Box CEO Aaron Levie has a message of hope for CIOs as they approach 2017: “I think it’s the best time in history to be a CIO, because you have so many great companies working on your behalf to enable you to have way better technology in your organization,” he says.
Levie’s positive outlook runs counter to many IT trends and common perceptions. CIOs’ grip on technology and budgetary oversight has been challenged for years as marketing executives and others throughout their organizations gain influence and power of the purse. For example, a November Gartner report concluded that marketing technology budgets will exceed the amount of money CIOs spend on tech in 2017.
However, Levie sees signs of a collective turnaround for CIOs. The burden of responsibility that IT leaders carry in the enterprise, coupled with the modernization of business tools and IT infrastructure, puts CIOs in a greater position of strength as organizations transform, he says. “Ten years ago we had an environment where innovation was very scarce and there weren’t a lot of great tools that people could use,” Levie says. “Now I would say we’re in the opposite environment. We are in an era of IT abundance where we’ve got amazing applications and services, and have the opposite problem, which is sort of, ‘which ones do I choose?'”
IT modernization an opportunity for CIOs
Companies of all sizes recognize that the future is in the cloud, and there is a huge push to modernize the traditional IT stack, according to Levie. “We are going to see a dramatic change in how enterprise software is designed and how enterprise software takes advantage of all the data that’s in our platforms to produce way better outcomes for customers,” he says. “It’s a great time to be in enterprise software if you are driving innovation, and it’s a great time to be in enterprise IT because so many great players are working to make your life and job easier.”
Most companies are trying to improve work processes using tech and that transition requires leadership from IT, according to Levie. “The future of work is going to look very different than the past and if these companies want to modernize their business models, they want to modernize their products and services, they can’t do that by just investing in software and just investing in digital experiences,” he says.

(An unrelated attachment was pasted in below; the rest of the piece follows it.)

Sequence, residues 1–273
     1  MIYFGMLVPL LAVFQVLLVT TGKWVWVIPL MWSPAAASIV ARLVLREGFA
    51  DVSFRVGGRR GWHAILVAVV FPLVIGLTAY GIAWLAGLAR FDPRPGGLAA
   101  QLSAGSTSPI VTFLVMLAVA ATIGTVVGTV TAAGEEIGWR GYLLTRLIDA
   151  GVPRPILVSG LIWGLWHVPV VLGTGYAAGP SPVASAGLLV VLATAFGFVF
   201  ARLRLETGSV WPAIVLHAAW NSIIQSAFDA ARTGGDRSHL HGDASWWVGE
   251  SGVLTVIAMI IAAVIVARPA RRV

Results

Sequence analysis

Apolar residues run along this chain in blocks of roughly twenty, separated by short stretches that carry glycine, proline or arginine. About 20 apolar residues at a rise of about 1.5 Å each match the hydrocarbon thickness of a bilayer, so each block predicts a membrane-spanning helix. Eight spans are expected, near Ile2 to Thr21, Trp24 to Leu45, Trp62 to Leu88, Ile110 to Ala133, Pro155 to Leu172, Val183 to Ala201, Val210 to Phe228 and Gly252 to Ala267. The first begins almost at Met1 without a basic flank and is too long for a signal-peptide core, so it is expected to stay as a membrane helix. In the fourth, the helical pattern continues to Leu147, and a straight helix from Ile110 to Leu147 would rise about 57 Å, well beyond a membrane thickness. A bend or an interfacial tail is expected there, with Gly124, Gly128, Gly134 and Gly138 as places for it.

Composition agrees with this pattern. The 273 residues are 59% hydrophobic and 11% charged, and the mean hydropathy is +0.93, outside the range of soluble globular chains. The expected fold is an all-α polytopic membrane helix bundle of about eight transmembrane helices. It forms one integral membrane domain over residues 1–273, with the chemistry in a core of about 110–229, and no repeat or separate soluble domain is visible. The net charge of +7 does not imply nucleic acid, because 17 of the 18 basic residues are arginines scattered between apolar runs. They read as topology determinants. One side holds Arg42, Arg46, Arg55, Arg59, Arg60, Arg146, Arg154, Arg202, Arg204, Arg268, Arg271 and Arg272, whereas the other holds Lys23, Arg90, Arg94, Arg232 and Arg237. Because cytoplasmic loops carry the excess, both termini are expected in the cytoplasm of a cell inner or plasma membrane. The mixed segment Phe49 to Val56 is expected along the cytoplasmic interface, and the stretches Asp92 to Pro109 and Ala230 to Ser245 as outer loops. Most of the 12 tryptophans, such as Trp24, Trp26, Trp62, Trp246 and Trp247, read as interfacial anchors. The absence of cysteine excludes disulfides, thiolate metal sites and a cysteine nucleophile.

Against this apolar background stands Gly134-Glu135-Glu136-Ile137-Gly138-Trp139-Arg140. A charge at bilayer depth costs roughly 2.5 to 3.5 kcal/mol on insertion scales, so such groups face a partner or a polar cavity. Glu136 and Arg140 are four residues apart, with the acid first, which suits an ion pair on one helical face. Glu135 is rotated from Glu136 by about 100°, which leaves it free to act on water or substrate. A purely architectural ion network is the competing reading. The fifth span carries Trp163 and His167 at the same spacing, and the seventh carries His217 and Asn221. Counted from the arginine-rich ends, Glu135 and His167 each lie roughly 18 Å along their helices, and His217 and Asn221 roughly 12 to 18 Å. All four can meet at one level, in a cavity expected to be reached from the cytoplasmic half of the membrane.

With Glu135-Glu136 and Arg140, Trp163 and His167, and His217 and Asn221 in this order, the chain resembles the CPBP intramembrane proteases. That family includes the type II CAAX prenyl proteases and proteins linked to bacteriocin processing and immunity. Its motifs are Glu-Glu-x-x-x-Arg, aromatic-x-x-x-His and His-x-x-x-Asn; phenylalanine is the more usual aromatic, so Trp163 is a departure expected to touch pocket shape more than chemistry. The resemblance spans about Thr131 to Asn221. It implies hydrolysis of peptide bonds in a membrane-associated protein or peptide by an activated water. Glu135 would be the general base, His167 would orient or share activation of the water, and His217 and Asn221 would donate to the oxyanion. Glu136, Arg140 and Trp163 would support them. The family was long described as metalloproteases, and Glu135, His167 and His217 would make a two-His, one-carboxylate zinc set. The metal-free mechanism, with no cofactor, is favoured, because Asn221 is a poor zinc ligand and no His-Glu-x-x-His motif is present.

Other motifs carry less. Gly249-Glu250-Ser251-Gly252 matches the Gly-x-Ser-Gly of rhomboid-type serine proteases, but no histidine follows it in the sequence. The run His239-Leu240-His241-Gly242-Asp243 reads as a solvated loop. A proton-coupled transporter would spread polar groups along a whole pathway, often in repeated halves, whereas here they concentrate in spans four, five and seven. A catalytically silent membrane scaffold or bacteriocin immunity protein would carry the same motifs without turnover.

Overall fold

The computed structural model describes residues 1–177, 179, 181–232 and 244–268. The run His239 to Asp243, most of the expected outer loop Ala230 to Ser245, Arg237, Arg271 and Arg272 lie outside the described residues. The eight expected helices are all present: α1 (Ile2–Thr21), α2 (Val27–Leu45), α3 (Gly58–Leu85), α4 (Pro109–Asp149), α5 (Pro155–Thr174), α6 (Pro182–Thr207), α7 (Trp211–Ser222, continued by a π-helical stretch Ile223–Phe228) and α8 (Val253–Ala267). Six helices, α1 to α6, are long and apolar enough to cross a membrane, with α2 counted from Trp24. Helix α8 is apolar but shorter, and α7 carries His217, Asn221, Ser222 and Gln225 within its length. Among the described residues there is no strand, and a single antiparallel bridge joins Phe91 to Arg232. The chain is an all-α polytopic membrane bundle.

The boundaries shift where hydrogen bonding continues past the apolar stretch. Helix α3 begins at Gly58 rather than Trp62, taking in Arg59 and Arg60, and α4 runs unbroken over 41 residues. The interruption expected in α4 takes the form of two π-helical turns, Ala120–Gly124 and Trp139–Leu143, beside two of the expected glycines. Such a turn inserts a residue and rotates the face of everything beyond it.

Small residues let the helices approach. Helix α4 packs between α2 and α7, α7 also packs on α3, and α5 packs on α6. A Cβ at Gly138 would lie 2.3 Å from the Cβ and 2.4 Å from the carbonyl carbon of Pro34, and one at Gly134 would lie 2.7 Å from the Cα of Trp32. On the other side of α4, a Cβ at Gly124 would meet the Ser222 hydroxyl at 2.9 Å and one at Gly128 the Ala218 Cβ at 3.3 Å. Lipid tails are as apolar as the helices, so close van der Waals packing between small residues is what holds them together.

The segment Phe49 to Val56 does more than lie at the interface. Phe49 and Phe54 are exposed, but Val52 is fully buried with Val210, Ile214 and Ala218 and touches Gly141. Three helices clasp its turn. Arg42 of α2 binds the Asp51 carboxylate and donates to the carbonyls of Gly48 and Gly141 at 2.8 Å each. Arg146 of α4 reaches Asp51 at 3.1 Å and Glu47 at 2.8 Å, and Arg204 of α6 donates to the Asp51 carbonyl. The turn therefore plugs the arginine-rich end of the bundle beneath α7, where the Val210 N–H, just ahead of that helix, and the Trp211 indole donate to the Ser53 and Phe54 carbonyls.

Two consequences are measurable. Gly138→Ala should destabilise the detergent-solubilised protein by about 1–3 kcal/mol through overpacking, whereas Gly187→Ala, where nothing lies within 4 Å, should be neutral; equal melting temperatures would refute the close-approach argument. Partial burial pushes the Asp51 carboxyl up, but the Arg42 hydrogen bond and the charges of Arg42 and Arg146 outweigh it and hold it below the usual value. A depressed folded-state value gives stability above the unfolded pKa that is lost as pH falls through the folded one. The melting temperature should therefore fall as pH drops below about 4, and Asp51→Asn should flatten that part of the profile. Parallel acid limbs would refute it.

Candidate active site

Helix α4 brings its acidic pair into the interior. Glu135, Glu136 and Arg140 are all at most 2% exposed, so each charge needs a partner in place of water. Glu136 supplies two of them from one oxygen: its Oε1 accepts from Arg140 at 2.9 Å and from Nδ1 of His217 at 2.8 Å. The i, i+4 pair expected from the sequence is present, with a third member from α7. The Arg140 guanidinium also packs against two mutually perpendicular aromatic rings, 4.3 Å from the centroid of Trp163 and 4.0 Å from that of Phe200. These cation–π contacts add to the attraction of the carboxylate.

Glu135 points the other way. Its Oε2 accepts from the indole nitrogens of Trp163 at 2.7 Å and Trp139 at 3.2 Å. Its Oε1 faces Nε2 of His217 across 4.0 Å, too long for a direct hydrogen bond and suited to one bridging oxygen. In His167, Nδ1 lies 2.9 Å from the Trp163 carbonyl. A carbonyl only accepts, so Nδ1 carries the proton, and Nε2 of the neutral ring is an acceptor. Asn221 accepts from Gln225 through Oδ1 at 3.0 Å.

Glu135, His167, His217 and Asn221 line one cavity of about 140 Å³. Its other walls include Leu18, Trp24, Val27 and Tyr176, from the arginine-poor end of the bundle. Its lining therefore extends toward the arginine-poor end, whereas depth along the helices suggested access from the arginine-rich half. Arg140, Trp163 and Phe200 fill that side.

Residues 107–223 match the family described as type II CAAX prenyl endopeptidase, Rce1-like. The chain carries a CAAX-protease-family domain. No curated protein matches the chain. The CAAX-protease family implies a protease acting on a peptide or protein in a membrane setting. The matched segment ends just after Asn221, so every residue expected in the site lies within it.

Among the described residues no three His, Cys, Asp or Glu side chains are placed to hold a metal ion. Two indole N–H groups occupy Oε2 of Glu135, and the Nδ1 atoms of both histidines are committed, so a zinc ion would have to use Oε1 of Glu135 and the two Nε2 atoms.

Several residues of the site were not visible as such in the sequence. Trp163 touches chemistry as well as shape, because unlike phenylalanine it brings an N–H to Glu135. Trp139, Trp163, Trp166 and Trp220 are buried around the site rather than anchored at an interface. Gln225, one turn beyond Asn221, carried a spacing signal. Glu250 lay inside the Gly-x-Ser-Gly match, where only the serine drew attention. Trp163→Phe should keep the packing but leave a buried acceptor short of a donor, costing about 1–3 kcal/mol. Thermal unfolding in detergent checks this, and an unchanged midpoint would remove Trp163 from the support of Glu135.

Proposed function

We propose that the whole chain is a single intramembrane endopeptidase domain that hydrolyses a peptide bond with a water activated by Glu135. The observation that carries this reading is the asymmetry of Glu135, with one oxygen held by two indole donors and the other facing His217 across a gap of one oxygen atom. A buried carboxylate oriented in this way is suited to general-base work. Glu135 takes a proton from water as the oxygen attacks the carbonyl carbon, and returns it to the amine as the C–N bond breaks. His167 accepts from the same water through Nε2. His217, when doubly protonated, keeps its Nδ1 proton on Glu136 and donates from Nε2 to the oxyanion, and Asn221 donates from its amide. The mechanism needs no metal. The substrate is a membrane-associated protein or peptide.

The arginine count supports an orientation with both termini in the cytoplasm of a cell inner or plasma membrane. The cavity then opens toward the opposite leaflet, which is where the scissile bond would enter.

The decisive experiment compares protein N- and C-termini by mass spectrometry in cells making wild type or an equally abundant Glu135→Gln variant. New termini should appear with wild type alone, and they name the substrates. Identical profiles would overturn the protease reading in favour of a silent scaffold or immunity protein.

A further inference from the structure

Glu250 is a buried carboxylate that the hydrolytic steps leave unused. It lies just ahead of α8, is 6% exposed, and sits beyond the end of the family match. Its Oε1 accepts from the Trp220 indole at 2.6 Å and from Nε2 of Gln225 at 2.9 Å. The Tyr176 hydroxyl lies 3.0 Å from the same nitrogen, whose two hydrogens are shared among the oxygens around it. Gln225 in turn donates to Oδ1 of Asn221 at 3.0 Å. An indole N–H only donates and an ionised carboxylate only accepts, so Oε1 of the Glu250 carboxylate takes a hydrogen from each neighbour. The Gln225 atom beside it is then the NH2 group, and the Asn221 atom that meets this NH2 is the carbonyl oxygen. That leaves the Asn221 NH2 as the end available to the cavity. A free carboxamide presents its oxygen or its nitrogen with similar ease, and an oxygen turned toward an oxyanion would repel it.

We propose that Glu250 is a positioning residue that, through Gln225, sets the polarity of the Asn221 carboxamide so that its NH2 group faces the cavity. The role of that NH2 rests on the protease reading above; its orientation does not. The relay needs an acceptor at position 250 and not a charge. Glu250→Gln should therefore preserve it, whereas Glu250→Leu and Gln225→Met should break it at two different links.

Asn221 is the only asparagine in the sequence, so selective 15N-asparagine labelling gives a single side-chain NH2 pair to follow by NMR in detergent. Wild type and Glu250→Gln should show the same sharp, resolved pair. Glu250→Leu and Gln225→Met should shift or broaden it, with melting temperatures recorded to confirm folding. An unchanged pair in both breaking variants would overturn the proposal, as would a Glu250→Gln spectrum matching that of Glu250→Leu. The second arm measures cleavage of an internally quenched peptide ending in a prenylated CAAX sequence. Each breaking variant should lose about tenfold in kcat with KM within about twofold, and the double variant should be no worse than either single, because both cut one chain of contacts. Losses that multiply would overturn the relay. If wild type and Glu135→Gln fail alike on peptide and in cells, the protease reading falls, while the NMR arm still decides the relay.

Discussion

The collaboration space, which has generated tremendous interest thanks in part to new entrants including Facebook’s Workplace and Microsoft’s Teams, is poised to get even more exciting, according to Levie. As more companies jockey for position, all of the players are forced to up their games with more competitive features and services, Levie says, and that benefits all customers, including the IT professionals who manage those services.
Box goes beyond file-sharing
Box wants to make IT professionals’ jobs easier by reducing their workload as more cloud-based services flourish throughout the enterprise. “Our strategy is relatively straightforward, but very hard to operationalize,” Levie says. “We work with some of the most regulated, security conscious and largest companies on the planet. Our job is to provide them with a set of capabilities that dramatically simplifies the way that people in their organizations can share and collaborate and get work done.”
Box positions itself as the best platform to manage and secure content across all of today’s modern IT systems. “All of that is getting insanely complex for IT organizations,” Levie says. “At the same time, employees are just trying to get their work done. They just want to collaborate, they want to share with one another.”
The majority of companies today think of enterprise content management in the cloud as a feature of one broader suite that handles its own data, but Box focuses on connecting many disparate data sources in a single platform, according to Levie. “We’re building out a platform that helps enterprises store, manage, share, govern and organize all of the information in their business and then connect it to all the applications that they’re using,” Levie says.
File-sharing is also no longer the primary use case of Box, he says. “What we’re building is much more robust and I think substantive than just being a file-sharing tool that’s obviously going to be commoditized over time.”
Matt Kapko has been writing about technology since before the dawn of the iPhone, and covering media well before it was social. Matt lives with his wife in a nearly century-old craftsman in Long Beach, Calif. He can be reached on Twitter: @mattkapko or by email: firstname.lastname@example.org.